Song-Swappers Win In Court
The 34-page ruling by U.S. District Court Judge Stephen Wilson was a major blow to recording companies and movie studios, which have been aggressively filing lawsuits and pushing new laws to stem the illegal copying and distribution of their copyright works.
The decision, if it survives appeal, essentially absolves Grokster Ltd. and StreamCast Networks Inc. of liability. Grokster distributes file-sharing software by that name, and StreamCast distributes Morpheus.
“It’s a vindication. We are not pirates,” said Wayne Rosso, president of Grokster, which is based in Nevis, West Indies. “This is teaching the record companies and the movie companies a lesson. … They need to rethink their business model.”
Andrew Bridges, who was lead counsel for StreamCast before dropping out of the case last year, called the decision a “watershed moment.”
The ruling does not apply to a third and more popular service, Kazaa from Sharman Networks Ltd., because it did not join the request for a summary judgment. A hearing is scheduled Monday on Sharman’s counterclaims accusing the entertainment companies of antitrust violations.
The entertainment companies, which had launched the lawsuit in October 2001, were disappointed by Friday’s ruling.
“Businesses that intentionally facilitate massive piracy should not be able to evade responsibility for their actions,” said Hilary Rosen, chairman and CEO of the Recording Industry Association of America.
Jack Valenti, president and CEO of the Motion Picture Association of America, said he was “surprised and disappointed” by Wilson’s decision, but stressed that the public should not consider it a green light for piracy.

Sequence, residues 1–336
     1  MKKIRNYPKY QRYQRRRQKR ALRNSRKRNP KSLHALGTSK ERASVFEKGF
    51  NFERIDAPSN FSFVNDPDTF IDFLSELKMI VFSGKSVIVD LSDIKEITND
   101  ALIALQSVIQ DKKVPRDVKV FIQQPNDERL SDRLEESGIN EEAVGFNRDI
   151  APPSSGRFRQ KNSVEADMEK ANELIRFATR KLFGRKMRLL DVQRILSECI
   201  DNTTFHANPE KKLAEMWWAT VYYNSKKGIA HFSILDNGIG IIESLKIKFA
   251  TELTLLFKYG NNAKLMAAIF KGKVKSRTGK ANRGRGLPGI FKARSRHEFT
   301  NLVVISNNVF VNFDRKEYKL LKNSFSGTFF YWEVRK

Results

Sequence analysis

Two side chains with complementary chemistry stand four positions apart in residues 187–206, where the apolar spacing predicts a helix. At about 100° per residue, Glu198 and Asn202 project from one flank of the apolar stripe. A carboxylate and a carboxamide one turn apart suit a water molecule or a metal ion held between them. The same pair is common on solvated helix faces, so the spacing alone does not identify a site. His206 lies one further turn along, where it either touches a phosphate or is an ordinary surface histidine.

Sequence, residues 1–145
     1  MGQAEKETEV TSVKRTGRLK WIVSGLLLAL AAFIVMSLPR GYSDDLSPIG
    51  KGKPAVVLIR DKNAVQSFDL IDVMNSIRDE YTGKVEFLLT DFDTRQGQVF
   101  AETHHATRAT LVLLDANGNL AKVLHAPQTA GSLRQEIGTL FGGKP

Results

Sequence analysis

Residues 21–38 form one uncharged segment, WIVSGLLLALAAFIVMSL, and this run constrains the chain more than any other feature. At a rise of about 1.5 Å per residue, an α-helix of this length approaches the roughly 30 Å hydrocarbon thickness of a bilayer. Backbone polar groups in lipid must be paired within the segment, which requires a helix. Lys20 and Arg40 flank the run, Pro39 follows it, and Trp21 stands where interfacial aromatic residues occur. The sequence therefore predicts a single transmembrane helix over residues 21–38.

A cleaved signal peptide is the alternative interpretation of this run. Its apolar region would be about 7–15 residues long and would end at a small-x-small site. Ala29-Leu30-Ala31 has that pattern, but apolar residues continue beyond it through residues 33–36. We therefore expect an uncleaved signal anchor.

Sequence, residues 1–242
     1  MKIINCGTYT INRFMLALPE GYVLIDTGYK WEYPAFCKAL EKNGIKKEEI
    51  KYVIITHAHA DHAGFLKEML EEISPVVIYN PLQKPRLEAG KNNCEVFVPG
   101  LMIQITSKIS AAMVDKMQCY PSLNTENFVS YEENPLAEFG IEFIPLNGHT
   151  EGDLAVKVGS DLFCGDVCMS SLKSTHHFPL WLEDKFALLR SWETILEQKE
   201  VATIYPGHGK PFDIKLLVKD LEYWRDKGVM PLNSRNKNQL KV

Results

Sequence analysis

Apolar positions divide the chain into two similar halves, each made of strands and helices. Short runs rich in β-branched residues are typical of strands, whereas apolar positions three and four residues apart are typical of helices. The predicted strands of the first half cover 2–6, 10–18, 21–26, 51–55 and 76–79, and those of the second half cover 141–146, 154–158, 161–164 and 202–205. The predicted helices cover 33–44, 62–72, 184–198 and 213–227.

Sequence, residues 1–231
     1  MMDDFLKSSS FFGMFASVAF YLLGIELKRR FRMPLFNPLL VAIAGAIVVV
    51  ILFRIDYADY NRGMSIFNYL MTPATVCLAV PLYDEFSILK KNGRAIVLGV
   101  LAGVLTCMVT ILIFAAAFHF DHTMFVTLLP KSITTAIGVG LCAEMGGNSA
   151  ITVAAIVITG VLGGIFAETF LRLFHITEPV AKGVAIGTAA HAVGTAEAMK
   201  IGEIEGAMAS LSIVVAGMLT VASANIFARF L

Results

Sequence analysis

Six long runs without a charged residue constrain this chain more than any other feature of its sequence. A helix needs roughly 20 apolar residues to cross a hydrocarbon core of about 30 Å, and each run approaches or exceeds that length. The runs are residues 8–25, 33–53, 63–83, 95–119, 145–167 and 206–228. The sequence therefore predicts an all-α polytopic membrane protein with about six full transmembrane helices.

“(Friday’s) ruling does not condone such activity, nor is it an invitation to distribute and copy works without the permission of the owners of copyright,” he said. “We will continue our ongoing efforts to fight piracy on all levels.”
Rosen and Valenti both pledged to appeal the ruling.
In his ruling, Wilson cited the movie industry’s efforts to hold Sony liable for Betamax video cassette recorders that could be used to make illegal copies of copyright works. The Supreme Court in 1984 ruled that sale of copying equipment by itself did not constitute copyright infringement.
Wilson concluded that there was no evidence that Grokster and StreamCast could supervise and control the use of their services.
Unlike Napster, the pioneer file-sharing service ordered shut by the courts, Grokster and StreamCast say they only provide software and technical assistance. Napster hosted directories of users’ files on its servers.
Robin Gross, executive director of IP Justice, an international civil liberties organization in San Francisco, said the court’s decision is not inconsistent with rulings against Napster.
In that case, the courts found Napster had an obligation to police its service because it had a centralized server and the means to delete pointers to illegally acquired copyright files.
Wilson’s decision “was right in line with the Supreme Court decision in Betamax and the 9th Circuit decision in the Napster case,” Gross said.
Fred von Lohmann, senior intellectual property attorney with the Electronic Frontier Foundation in San Francisco, said the ruling was not just a victory for the file-sharing services, but also for technology developers in general.
“The question of when will a technology maker be held responsible for misuses of the tools they produce is a question of equal importance to Cisco when it builds routers, Hewlett Packard when it builds computers and Microsoft when it builds software,” von Lohmann said.
Wilson acknowledged Grokster and StreamCast “may have intentionally structured their businesses to avoid secondary liability for copyright infringement, while benefiting financially from the illicit draw of their wares.” But he said that’s a matter for Congress, not the courts.
Despite the rampant copying and trading of copyright music, software and music by their users, the file-sharing services maintain they do not condone copyright infringement.